Ahhh… Beautiful December Commutes
As I rode home in the December chill with my hands throbbing and my toes fading to numb, I thought about how much I love winter commuting in D.C. The short days and cold weather combine to noticeably reduce the bike and pedestrian traffic, leaving only the stalwart year-round riders out on the roads and paths.
Today was a gorgeous round trip commute. This morning Felkerino and I went for a pre-work lap around Hains Point and spied one of the bald eagles that hangs out there in the winter. Welcome back.
The Lincoln Memorial and the Kennedy Center cast bright reflections into the Potomac River as I rode around this evening. The trails leading out of the city were quiet, giving me plenty of time to enjoy the clear night.
As I rode along the river I saw the pinhole lights of the planes all neatly lined up to make their descent into National Airport.
The riders I passed or that passed me exhibited politeness and good front and rear illumination. Somebody even smiled at me! I pedaled home via the “new” Maine Avenue, reveling in the smooth new asphalt and the widened sidewalk. I was in bike commute heaven.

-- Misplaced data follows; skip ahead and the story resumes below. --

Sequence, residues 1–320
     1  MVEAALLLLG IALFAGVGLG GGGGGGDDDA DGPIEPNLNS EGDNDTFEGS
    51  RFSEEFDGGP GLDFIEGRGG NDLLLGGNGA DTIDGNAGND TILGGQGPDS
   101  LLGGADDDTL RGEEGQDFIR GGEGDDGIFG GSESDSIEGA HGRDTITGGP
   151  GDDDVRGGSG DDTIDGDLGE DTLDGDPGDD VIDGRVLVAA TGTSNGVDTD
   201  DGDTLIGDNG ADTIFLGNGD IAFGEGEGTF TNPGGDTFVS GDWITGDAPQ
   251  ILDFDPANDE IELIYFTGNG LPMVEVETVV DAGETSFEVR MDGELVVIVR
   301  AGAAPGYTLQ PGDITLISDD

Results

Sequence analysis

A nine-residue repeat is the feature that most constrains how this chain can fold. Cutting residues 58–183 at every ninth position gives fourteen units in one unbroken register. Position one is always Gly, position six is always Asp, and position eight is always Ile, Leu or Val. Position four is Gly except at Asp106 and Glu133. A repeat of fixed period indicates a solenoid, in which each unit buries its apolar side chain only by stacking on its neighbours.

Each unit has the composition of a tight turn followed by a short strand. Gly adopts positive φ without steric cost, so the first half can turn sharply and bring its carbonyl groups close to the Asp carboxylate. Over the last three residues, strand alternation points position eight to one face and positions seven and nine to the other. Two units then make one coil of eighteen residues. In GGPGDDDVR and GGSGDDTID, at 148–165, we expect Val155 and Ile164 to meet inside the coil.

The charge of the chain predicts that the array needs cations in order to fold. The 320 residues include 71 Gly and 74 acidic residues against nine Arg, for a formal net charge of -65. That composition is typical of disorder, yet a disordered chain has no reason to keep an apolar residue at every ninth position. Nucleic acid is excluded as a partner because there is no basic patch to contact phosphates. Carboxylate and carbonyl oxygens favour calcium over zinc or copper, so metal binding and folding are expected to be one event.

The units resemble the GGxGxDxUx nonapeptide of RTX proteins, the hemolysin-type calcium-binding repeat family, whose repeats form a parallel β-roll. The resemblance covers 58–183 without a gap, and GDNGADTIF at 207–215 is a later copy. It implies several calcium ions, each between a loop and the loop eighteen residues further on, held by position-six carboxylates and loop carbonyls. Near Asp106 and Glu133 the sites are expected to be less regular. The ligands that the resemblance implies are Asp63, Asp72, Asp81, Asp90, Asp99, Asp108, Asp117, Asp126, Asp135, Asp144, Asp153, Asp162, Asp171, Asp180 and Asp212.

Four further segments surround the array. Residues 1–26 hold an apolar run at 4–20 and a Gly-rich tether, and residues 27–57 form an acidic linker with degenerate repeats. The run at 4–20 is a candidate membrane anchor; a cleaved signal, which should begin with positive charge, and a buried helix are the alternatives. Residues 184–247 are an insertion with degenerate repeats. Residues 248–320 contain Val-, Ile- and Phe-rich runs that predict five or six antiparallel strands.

Washington, D.C., is a good city for winter commuting. The weather hardly ever makes the roads unrideable, and it is unusual to have perilous road conditions for any significant amount of time. If we get snow, it tends to melt pretty quickly in the city. Yeah, it gets cold, but temperatures rarely sink into or below the ‘teens (I hope I have not jinxed us with that comment).
Organizations like WABA have worked to make D.C. a better place for bike commuting and the District Department of Transportation has responded. That is reflected in some of the areas I ride like Maine Avenue, where the city replaced the 4-foot-wide multi-use sidewalk with a new 14-foot-wide trail. Of course, there is always more to do to make D.C. a cyclists’ paradise (e.g., no cars inside the Beltway), but in the meantime I’ll make do with these tangible bike-friendly improvements to our city.
All that jostled around in my noggin as my nose ran and I cycled my way through the city. And just as my hands stopped throbbing and my feet warmed up, I was home, and I ran inside to write to you about this beautiful day on the bike.